As the spectre of riots loomed over post-Partition India, nine-year-old Rajendra Prasad had dashed across his village to catch a glimpse of Mahatma Gandhi, who had come to soothe tensions in his neighbourbood.
Seventy-one-years later, as a crisis stalks India’s farms and fields, Prasad, now 80, is on the road again. Stick in hand, as he slowly walked up a flyover next to a luxury hotel in the national capital, Prasad cut a solitary figure.
“Sansad Bhavan aur kitni dur hai?” asked Prasad, visibly out of breath. But the moment a group of young, boisterous marchers shouted “Garv se kaho…”, he chimed in, “hum ek hain”.
On the road for over 48 hours straight, Prasad, a Dalit from rural Patna, was among the oldest participants at the Kisan Mukti March.
A resident of Barbigha village, around 25 km from Patna, Prasad left home at 9 am on Wednesday with a group of villagers. He travelled to Danapur, two hours away, and boarded a train to Delhi.
After reaching the city around 1 pm on Thursday, Prasad halted for the day at Ramlila Maidan, where farmers from across the country had gathered. He had idli for dinner. “Khane peene ka koi dikkat nahi hai. Bag bhar ke litti le ke aaye hain, biscuit bhi hai,” he said.
Back home, he tills 10 bighas of land, assisted by two sons —both unemployed. But what made him take such an arduous journey at this age? “There’s drought, no water at all. I have applied for diesel and borewell multiple times, but have not received a penny of the promised Rs 10,000 in the account. Before coming, I took a loan of Rs 37,000 from a mahajan to install a borewell. The government is interested in putting up a show, nothing concrete ever gets gone.”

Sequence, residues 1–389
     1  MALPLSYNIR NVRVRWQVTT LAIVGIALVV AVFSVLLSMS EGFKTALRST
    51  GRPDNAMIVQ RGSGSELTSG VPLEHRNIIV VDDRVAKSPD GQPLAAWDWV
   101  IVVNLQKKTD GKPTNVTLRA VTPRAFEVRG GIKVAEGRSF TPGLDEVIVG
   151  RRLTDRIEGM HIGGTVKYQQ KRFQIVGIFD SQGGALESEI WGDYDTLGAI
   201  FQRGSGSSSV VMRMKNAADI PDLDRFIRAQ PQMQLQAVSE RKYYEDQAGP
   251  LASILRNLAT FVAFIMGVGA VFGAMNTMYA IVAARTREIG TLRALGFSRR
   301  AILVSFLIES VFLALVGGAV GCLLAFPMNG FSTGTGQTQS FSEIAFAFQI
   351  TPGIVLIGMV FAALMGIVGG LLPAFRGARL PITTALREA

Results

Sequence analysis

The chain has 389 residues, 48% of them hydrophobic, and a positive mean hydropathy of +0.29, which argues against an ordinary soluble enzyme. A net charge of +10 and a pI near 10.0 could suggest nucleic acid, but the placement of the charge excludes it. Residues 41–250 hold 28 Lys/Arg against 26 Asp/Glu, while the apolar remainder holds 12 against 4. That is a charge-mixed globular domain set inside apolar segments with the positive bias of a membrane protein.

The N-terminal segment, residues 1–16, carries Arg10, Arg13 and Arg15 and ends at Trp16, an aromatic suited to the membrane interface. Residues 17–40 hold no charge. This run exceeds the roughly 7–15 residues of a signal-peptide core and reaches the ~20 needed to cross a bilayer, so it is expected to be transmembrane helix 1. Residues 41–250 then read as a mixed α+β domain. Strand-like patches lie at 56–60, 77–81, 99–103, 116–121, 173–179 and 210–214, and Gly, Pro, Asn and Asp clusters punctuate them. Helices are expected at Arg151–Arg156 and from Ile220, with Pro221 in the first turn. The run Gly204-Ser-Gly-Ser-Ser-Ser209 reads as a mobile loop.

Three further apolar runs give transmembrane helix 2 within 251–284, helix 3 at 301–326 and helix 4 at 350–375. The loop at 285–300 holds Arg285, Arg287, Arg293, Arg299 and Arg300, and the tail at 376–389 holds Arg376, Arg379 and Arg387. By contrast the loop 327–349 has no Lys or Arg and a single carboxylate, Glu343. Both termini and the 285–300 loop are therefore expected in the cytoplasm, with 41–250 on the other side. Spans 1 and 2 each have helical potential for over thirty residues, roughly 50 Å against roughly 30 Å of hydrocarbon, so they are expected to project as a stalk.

A member of the Bharatiya Mulnivasi Sangh, a forum for Dalits, Prasad explained how over the years, divisions in the family led to gradual shrinking of land available for tilling. “Brothers got separated, now the next generation is splitting further. Kheti se kahan ho payenge rozgar?”
As a multitude of farmers poured out of Ramlila Maidan, Prasad got separated from his fellow villagers. He took out a piece of crumpled paper, with a few numbers scribbled on it, to re-establish contact. But they were out of reach.
Stopping at a roadside tea stall, he tried to chat with Mahesh, another marcher. But Mahesh was from Karnataka, so the duo made do with smiles and gestures. Mahesh, a relatively young farmer owning 13 acres land, hugged Prasad and clicked his picture.
Somewhat relaxed after tea and a biscuit, the only thing he had since morning, Prasad reminisced about his childhood. “I am not new to marches and this won’t be the last. Once, Gandhiji had come to visit a neighbouring village of Muslims, torn by riots. I had sprinted to see him. Master ne bohot pitai ki thi. Par humko toh dekhna tha. After going home, I am leaving for Surat again on December 23.”
Around noon, after reaching Jantar Mantar, he made a round of the area, looking for familiar faces. Unable to find any, he prepared to leave, not bothered to stay for the speeches. “Ab kya kaam? Humein sarkar ko dikhani thi humaari taakat. Wo hum kar chuke, ki nahi?”